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Senate approves site blocking in bid to tackle piracy

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In a big move to crack down on piracy, the Senate has passed legislation that will see infringing websites blocked in Australia.

Yesterday saw the Copyright Amendment (Online Infringement) Bill 2015 passed with 37 votes in favour and 13 against. There was plenty of support for the Bill, with the Government and the Opposition both coming together on the decision.

Those who opposed the Bill included Independent and Green Senators. Attempts to water down the legislation, including nine amendments proposed by Greens Senator Scott Ludlam, failed to stop the Bill from passing.

“My concern really isn’t that this bill is going to do anything to protect artists and make sure they get paid for their work, because obviously everybody supports that, but the potential down the track is for the scope of the bill to be broadened and for the extremely loose and poorly defined language in the bill to be exploited as well,” ABC News quoted Mr Ludlum as saying.

“We moved a number of quite sensible amendments that are supported by the consumer protection groups who have been following the debate, and Labor again has backed up the Abbott Government and so now it passes into law.”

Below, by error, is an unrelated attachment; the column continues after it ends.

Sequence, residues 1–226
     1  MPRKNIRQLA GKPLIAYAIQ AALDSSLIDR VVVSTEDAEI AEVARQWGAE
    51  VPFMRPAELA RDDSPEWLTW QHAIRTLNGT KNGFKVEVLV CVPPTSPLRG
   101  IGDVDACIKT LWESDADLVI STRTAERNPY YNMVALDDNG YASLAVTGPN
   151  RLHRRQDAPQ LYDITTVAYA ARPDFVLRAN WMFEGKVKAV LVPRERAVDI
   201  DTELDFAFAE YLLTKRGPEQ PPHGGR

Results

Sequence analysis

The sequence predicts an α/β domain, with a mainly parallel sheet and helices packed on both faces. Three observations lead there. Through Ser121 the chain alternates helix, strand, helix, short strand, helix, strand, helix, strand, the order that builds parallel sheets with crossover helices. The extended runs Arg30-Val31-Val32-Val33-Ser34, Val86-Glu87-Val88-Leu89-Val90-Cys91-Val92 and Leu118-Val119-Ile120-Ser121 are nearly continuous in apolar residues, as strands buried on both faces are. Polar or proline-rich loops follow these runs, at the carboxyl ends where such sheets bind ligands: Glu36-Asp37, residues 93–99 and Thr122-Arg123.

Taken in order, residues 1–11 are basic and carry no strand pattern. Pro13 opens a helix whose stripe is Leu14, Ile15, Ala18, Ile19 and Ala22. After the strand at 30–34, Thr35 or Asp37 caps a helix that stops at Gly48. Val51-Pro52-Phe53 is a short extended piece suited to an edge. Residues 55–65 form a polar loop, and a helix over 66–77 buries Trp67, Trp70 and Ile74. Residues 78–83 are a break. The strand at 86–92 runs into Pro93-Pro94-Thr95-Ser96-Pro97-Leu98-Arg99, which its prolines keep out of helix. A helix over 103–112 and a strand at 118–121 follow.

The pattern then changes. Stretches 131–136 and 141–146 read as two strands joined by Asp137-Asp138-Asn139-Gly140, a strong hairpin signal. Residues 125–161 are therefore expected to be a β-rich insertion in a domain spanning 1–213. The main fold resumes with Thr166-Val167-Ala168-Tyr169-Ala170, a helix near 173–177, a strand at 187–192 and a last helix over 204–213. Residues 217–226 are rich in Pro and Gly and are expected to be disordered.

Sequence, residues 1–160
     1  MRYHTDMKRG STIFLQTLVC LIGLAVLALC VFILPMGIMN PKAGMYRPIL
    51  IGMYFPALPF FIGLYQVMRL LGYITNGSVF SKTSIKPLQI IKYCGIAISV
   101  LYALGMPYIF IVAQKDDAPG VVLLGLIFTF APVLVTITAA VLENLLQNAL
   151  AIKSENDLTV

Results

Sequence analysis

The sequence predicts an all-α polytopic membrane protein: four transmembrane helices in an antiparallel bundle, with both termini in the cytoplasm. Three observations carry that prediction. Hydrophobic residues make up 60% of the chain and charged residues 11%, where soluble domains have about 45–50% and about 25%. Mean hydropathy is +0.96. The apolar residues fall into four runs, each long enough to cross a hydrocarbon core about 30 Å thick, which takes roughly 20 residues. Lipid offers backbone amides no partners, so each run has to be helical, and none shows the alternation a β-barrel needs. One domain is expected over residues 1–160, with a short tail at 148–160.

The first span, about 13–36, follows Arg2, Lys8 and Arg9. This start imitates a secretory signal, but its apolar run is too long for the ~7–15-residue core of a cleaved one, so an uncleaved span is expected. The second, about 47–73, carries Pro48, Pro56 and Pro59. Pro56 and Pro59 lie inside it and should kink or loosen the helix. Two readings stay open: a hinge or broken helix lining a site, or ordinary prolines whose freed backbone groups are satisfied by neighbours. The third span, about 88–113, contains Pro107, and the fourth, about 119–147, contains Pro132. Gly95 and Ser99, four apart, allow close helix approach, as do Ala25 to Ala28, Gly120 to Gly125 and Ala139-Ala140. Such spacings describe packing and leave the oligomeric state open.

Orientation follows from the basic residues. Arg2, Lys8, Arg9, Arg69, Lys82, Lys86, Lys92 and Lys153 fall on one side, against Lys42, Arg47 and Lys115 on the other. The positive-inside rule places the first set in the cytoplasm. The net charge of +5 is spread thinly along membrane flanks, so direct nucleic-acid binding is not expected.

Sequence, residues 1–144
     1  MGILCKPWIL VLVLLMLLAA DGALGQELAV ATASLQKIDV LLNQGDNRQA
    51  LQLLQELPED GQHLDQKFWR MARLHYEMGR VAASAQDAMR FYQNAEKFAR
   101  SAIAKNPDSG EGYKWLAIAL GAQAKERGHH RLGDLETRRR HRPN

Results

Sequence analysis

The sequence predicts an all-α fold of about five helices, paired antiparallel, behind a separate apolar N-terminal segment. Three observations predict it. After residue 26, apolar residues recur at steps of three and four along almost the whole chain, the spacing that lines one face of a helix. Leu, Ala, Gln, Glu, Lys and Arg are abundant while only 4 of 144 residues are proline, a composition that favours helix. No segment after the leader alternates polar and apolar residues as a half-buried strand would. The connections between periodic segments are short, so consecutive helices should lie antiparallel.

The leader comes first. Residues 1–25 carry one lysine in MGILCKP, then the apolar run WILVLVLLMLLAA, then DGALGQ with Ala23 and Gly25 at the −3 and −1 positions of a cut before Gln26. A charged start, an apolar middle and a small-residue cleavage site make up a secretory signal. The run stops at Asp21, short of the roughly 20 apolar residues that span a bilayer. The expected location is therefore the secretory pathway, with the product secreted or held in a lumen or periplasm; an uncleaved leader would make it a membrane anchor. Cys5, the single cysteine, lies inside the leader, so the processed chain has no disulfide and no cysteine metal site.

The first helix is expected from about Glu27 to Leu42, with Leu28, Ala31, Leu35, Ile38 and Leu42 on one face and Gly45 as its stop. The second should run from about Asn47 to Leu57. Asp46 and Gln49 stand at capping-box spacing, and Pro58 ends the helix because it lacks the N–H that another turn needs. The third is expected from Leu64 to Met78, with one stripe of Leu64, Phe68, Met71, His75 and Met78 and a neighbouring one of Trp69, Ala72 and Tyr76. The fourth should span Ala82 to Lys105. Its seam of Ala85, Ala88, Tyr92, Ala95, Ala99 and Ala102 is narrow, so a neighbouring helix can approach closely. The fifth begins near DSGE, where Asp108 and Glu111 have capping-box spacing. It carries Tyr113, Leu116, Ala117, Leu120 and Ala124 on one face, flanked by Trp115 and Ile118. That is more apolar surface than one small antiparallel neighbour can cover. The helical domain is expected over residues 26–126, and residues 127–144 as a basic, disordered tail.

The new Bill allows rights-holders, including film and television producers/companies, to apply to the Federal Court with the purpose of imposing injunctions. The Federal Court, once determining that a website is in fact driving infringements or facilitating copyright infringements, can then order ISPs to block the “online location”.

ANU College of Law Associate Professor Dr Matthew Rimmer, as quoted by Fairfax, said the Bill was “quiet radical”.

“It’s a very dark day for the internet in Australia because there’s been bipartisan support for this Luddite censorship bill,” Dr Rimmer said.

“I think the larger question will be what sites will be affected?

“Will rights holders be focussed on the sites they want to target or will there be collateral damage?”

Concerns relate to the misuse and exploitation of the bill, which could see innocent websites getting caught in the piracy-targeting net due to the agendas of rights holders and companies. Dr Rimmer also points out that this sort of legislation opens the window for political purposes, as Government information can often be placed under the protection of the copyright banner.

Foxtel, a rights holder that has been fully supporting the move to restrict access to copyright-infringing websites, applauded the Senate’s move.

“We are pleased that the Government and Opposition have taken strong action to combat online piracy,” Foxtel Chief Executive Richard Freudenstein said in a statement.

“They recognise that, not only is piracy theft and therefore morally wrong, it is harmful to Australia’s creative communities and to businesses that employ hundreds of thousands of Australians.

“These offshore sites are not operated by noble spirits fighting for the freedom of the internet, they are run by criminals who profit from stealing other people’s creative endeavours.”

Websites such as The Pirate Bay and KickassTorrents are expected to be the first to be blocked.